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INVITED RESEARCH HIGHLIGHT
Year : 2015  |  Volume : 17  |  Issue : 2  |  Page : 221-222

Appraising the European randomized study of screening for prostate cancer: what do the results mean?


Department of Epidemiology and Preventive Medicine, School of Public Health and Preventive Medicine, Monash University, Melbourne, VIC 3004, Australia

Date of Web Publication18-Nov-2014

Correspondence Address:
Dragan Ilic
Department of Epidemiology and Preventive Medicine, School of Public Health and Preventive Medicine, Monash University, Melbourne, VIC 3004
Australia
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Source of Support: None, Conflict of Interest: None


DOI: 10.4103/1008-682X.142131

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  Abstract 

The value of screening for prostate cancer has been a contentious issue within the medical literature for several decades. At the crux of the matter lies a judgment call of whether the potential benefits of screening, a reduction in prostate cancer and all-cause mortality, outweigh the limitations, overdiagnosis and overtreatment. The study by Schrφder et al. reports 9, 11 and 13-year follow-up data on men participating in the European randomized study of screening for prostate cancer (ERSPC). While the authors report a significant reduction in prostate cancer mortality, they conclude that potential harms associated with screening currently circumvent any recommendation for a population-based approach to screening for prostate cancer.


How to cite this article:
Ilic D. Appraising the European randomized study of screening for prostate cancer: what do the results mean?. Asian J Androl 2015;17:221-2

How to cite this URL:
Ilic D. Appraising the European randomized study of screening for prostate cancer: what do the results mean?. Asian J Androl [serial online] 2015 [cited 2019 Dec 10];17:221-2. Available from: http://www.ajandrology.com/text.asp?2015/17/2/221/142131 - DOI: 10.4103/1008-682X.142131

The most recent Cochrane systematic review in 2013 identified five randomized controlled trials that have to date investigated the effectiveness of screening for prostate cancer. [1] Of those five studies, only two (the US-based prostate lung colorectal and ovarian [PLCO] cancer screening trial, and the ERSPC study) have been assessed as having a low risk of bias with respect to their methodology. [1] Relying on the results from these two quality trials to guide recommendations in clinical practice has been problematic, as the PLCO trial reports no benefit in screening for prostate cancer in a 10-13 years follow-up period, while the ERSPC study has consistently reported a significant reduction in prostate cancer mortality. [2],[3]

The ERSPC was initiated in 1993 in the Netherlands and Belgium as a screening trial to examine the effectiveness of screening on prostate cancer mortality. [4] Between 1994 and 1998 five additional study centers (Finland, Italy, Sweden, Switzerland and Spain) joined the study; with French study sites joining the ERSPC study from 2000 onwards. Men aged 50-74 years at the time of randomization were eligible for inclusion in participating sites, with primary analysis assessing prostate cancer mortality in men within a "core" age group of 55-69 years.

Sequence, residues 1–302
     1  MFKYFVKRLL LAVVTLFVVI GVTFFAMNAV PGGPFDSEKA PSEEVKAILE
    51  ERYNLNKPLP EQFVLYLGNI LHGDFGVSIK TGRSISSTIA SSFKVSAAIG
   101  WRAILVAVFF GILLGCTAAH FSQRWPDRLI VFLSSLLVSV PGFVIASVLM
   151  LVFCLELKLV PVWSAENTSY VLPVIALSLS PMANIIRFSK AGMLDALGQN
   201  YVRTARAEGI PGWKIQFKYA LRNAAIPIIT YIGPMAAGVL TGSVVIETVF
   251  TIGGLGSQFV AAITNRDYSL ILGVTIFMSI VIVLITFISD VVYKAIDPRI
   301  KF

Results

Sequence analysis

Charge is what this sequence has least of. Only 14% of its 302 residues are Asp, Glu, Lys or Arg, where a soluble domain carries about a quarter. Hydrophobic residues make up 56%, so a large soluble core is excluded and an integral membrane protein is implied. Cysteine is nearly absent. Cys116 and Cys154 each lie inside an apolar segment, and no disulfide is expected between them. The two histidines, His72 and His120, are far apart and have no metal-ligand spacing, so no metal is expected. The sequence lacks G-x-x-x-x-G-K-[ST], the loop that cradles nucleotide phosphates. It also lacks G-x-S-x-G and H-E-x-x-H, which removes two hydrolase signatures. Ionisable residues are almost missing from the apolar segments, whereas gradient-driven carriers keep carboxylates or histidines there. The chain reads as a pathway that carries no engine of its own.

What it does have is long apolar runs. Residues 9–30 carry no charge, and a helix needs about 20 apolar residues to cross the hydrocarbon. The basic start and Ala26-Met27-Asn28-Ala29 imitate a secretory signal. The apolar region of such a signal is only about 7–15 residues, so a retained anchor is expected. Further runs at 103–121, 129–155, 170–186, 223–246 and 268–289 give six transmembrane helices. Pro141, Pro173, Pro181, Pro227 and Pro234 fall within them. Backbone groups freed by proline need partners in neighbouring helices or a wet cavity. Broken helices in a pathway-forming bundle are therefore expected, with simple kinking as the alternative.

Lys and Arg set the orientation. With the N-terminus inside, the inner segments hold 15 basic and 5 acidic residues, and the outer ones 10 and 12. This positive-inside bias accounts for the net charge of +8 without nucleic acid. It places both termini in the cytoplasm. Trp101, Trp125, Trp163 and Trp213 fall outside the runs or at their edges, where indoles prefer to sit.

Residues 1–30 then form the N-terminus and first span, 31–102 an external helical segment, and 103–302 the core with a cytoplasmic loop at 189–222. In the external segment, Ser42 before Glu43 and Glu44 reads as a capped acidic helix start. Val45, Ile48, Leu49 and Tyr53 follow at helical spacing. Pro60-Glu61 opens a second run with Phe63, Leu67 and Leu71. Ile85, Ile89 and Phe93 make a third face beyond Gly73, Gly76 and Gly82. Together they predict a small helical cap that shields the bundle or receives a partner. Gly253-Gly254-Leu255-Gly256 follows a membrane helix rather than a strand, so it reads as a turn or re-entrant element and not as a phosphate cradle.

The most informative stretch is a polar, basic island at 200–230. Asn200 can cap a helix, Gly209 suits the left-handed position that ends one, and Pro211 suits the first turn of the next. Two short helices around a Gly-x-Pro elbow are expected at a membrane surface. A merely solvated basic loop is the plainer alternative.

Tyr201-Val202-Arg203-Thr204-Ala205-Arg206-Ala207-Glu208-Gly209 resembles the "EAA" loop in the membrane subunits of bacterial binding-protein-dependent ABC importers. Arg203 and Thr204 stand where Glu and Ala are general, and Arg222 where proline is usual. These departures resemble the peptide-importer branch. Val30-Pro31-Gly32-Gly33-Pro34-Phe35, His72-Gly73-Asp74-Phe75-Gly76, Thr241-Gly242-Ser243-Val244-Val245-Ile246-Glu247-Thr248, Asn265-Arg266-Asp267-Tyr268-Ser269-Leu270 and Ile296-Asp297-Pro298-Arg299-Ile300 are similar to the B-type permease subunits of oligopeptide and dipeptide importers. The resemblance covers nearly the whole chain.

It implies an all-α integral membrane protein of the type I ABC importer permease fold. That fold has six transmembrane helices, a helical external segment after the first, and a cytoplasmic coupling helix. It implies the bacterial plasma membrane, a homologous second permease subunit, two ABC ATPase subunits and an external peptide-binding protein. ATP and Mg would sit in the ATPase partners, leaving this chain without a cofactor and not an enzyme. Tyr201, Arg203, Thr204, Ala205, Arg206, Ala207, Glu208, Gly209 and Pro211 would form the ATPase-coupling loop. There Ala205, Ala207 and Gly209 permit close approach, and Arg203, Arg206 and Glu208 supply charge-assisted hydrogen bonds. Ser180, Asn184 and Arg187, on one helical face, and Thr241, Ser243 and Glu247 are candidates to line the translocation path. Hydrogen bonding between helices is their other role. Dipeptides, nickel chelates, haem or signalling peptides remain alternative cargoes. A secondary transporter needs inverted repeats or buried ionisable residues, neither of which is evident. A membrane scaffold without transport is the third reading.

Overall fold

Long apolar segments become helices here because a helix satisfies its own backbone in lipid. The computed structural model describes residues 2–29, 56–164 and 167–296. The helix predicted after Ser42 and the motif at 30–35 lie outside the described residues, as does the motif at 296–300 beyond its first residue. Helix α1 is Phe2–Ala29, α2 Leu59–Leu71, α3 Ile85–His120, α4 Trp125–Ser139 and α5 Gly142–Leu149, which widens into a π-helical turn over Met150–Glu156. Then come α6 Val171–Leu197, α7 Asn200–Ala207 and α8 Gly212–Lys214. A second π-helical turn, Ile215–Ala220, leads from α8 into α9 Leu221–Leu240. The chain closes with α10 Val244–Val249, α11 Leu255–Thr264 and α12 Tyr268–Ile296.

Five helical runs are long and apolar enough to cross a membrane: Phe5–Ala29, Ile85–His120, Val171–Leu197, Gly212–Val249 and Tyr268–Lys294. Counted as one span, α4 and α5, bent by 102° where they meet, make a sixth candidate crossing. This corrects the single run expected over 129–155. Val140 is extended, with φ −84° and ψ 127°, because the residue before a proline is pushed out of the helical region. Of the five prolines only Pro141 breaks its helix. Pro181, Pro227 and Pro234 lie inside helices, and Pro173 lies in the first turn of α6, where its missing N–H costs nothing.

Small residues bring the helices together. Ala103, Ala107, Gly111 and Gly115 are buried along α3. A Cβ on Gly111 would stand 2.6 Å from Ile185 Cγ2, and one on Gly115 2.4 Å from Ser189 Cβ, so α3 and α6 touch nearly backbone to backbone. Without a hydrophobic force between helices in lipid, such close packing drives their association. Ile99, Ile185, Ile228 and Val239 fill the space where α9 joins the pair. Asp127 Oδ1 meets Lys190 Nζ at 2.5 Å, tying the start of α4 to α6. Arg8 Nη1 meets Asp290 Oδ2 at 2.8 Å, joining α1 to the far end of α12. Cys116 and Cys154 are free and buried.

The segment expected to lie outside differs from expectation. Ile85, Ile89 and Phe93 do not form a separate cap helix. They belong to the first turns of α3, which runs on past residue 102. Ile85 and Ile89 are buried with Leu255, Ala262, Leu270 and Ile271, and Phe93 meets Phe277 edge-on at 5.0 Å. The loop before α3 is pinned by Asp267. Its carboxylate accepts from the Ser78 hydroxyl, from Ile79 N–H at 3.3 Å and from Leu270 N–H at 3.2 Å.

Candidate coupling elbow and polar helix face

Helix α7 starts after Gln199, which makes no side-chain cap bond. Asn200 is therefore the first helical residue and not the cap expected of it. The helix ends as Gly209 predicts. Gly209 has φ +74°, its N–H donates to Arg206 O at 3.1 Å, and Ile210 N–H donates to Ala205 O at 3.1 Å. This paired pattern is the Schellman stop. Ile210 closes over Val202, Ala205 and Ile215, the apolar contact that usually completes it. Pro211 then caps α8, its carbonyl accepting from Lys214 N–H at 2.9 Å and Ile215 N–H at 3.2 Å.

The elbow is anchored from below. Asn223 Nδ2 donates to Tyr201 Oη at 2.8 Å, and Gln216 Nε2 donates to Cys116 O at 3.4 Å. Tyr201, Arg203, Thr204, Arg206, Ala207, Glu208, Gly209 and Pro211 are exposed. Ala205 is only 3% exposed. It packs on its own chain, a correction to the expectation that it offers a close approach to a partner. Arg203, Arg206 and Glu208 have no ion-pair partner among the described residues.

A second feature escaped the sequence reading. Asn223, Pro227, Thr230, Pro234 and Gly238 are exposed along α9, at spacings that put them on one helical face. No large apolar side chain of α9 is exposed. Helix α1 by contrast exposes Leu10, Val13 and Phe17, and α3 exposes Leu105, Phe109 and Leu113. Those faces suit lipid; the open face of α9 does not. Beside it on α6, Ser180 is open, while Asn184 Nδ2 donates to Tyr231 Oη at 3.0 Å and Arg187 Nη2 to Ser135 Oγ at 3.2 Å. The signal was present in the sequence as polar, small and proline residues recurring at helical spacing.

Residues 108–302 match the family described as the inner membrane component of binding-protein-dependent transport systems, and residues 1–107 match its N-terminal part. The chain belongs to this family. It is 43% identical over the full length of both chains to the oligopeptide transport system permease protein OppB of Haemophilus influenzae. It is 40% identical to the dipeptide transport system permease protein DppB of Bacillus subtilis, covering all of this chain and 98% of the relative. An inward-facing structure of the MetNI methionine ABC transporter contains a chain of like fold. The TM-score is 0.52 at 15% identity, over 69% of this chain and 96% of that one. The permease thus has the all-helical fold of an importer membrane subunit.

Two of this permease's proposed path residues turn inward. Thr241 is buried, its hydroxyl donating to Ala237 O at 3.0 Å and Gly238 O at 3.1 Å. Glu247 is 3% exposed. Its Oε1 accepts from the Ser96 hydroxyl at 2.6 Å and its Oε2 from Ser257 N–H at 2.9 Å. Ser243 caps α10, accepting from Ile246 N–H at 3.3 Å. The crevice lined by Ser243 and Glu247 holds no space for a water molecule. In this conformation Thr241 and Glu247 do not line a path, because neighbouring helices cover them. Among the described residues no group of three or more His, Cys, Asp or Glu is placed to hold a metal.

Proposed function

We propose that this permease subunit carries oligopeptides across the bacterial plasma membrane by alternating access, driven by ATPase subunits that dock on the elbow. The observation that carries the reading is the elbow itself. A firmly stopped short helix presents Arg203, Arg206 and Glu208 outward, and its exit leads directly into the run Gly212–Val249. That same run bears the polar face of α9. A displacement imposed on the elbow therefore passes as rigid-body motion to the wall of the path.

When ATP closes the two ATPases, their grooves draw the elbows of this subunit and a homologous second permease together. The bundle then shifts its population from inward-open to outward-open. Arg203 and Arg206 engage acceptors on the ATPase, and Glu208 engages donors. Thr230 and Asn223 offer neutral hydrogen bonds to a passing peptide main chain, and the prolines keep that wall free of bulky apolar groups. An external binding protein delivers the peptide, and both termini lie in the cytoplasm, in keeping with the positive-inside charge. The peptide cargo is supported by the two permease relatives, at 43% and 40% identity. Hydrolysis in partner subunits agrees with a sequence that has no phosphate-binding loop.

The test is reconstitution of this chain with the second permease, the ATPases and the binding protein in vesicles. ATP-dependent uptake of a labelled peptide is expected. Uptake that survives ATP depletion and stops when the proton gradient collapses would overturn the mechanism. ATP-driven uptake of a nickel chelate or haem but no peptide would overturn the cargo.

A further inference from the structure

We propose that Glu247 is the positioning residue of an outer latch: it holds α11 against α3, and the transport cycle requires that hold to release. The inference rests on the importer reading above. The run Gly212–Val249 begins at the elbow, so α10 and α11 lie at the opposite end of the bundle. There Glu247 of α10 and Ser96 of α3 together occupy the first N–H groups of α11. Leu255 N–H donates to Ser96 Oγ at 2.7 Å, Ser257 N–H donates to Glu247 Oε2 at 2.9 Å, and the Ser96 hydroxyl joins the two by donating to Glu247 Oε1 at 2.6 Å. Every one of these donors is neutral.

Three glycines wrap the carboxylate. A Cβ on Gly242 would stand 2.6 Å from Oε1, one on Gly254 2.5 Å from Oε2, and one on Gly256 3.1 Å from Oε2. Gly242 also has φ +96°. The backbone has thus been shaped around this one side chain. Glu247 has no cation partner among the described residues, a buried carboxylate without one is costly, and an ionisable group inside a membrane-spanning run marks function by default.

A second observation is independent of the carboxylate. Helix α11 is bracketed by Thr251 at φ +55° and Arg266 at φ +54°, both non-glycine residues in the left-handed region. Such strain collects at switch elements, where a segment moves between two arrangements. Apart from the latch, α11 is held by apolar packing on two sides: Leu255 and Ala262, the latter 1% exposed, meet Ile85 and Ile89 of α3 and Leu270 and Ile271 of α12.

Measurement of prostate-specific antigen (PSA) in serum was utilized as the primary screening test among all sites, yet significant variation exists with respect to uniformity within the trial protocol. A PSA threshold of 3.0 ng ml−1 was predominantly used as an indicator for further investigation with biopsy amongst sites. The Belgium and the Netherlands sites initially used a threshold of 4.0 ng ml−1 and positive results from supplementary tests as a prerequisite for biopsy. [4] This protocol was changed in 1997 when a PSA cut-off of 3.0 ng ml−1 was implemented as an indicator for biopsy. [5] Both the Finnish and Italian sites implemented ancillary tests and PSA thresholds of 3.0-3.90 ng ml−1 as prerequisites for biopsy. Screening interval differed; occurring every 4 years at six of the sites, with Sweden adopting a 2 years screening interval. France ceased screening after two rounds, with Belgium, Finland and Spain ceasing screening after three rounds. Screening continued for up to five rounds in the Netherlands and ten in Sweden. [4]

In the current publication, Schröder et al. [4] report data truncated for the first time at 9, 11 and 13 years follow-up postrandomization. Participants' mean age at randomization was 60.2 years, with men allocated to the screening group receiving a mean of 2.3 screens. A total of 66% of prostate cancer cases were screen detected, with the remaining 34% interval cancers (i.e. detected between screening rounds) or detected in nonattenders. The rate ratio (RR) of prostate cancer mortality was reported to be 0.85 (95% confidence interval [CI] 0.70-1.03) at 9 years follow-up; 0.78 (0.66-0.91) at 11 years follow-up and 0.79 (0.69-0.91) at 13 years follow-up. No difference in the relative effect of screening is noticeable between the 1 and 11 versus 1 and 13 years periods; which the authors attribute to possible noncompliance in the intervention group, and contamination in the control group. The absolute risk reduction in prostate cancer mortality was reported to be 0.11 prostate cancer deaths per 1000 person-years.